First came a young girl, her face haggard and lank,
Want, the brand name behind your local food bank,
Next a mother, mind blank from opioids and stress
Disease, her sanity destroyed by austerity’s distress.

Then a boy, fist clenched from exclusion after exclusion
Educated Ignorance, for the fee-paying few, a freedom,
For the many, academy mind-closing childhood prisons,
After him a family, their life-nest terrorised by anxiety
The Squalor of infested rooms and rented insecurity,
Last Idleness, a youth, eyes glazed by the modern truth,
Permanently drugged-up to dull the daily monotony
Of taking his life as a spare part in their gig economy.

Can you see shivering ghosts pass in the shadows outside,
the unassuming architects of our commonwealth of ’45
Who turned their back on workhouse thinking for the poor
Reached out to the massed, struggling hands needing more
Never again a world without welfare, fit only for 1% wealth and war;
Ellen and Bevin, who hummed aloud songs, we sang in labour
Of our way, our her-story of the kindness of neighbours,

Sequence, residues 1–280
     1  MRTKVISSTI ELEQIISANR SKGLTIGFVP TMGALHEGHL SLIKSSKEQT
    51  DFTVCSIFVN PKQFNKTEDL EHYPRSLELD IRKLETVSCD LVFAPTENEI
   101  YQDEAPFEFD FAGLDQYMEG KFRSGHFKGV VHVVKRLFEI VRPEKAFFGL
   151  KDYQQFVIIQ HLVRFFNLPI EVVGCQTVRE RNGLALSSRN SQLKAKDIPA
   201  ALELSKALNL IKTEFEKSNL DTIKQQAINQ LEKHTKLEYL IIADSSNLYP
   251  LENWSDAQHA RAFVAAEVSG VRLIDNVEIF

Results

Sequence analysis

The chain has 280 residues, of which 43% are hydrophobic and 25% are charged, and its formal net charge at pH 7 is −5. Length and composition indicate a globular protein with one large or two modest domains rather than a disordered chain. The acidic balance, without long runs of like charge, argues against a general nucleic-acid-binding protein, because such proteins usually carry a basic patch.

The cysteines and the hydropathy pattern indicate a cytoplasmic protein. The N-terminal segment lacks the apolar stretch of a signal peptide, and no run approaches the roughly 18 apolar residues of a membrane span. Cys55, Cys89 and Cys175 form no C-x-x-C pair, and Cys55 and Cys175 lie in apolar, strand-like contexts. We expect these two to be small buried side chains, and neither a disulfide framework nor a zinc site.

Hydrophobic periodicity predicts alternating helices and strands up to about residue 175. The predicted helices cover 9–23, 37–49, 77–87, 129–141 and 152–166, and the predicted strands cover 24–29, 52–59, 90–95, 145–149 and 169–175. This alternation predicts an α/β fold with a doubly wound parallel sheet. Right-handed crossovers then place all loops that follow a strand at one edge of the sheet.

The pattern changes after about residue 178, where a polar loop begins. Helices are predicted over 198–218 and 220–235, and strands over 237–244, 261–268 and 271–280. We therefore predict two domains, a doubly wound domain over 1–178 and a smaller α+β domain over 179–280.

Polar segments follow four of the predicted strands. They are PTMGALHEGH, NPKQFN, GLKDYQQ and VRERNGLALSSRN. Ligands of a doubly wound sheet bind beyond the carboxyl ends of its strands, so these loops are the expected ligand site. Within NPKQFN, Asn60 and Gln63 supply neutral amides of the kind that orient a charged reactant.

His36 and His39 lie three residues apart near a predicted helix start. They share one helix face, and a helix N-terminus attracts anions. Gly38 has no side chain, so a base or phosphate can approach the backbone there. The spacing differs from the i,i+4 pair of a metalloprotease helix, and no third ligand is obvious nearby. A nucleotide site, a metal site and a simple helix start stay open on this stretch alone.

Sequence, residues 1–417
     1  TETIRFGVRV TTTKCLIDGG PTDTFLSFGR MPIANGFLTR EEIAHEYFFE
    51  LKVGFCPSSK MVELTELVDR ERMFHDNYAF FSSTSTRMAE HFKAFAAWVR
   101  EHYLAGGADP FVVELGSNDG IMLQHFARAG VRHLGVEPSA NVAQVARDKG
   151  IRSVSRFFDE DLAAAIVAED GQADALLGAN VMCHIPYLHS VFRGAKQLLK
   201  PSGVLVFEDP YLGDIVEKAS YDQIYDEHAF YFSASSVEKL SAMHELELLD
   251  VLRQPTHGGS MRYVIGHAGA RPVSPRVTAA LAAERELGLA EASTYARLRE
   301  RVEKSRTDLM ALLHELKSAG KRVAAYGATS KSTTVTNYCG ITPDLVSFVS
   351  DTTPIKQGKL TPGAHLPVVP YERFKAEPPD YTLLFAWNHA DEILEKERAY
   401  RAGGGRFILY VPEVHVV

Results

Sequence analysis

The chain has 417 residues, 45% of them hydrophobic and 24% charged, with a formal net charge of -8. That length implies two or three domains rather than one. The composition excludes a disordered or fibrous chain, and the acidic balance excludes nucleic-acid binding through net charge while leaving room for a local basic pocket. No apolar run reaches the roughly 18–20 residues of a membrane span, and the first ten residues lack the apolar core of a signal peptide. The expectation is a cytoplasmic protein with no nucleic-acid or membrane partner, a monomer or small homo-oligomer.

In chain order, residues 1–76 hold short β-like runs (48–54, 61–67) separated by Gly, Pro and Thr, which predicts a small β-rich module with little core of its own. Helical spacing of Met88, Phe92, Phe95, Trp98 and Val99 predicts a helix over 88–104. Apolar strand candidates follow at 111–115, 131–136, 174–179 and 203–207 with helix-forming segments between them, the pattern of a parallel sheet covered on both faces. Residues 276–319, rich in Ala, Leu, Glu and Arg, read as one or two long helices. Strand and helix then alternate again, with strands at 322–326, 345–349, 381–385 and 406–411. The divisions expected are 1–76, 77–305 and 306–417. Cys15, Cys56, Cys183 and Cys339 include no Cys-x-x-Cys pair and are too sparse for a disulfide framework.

The humble builders of the better selves we aspire to be,
Now elbowed out of history, by BJ and his politico-celebrities
High on the age’s aphrodisiac, power without responsibility.

This BJ, pallid parasite, in borrowed Churchillian tones
And a crony crew of phoney Downton-politician drones,
They want us to forget, what should never be forgotten
Without your vote it’s lost, the new world the people won;
Spineless, sprawling Neo-Edwardians - they want it to return,
the glitter, the squalor, the dulce-decorum of nations at war.
wrecking common ground in unregulated patchwork provision
All loopholes for donors at dinner tables to wriggle in.

Before it’s gone, remember The People’s Project, begun 45-51,
It’s time to decide: ‘Hands together, let’s get the job done’;
We will speak, we the people, the commonwealth of Britain,
We’ll never be silenced, ‘a shared future calls us to come!’

This poem is brought to you by The National Poetry Board on behalf of the people of the commonwealth of Britain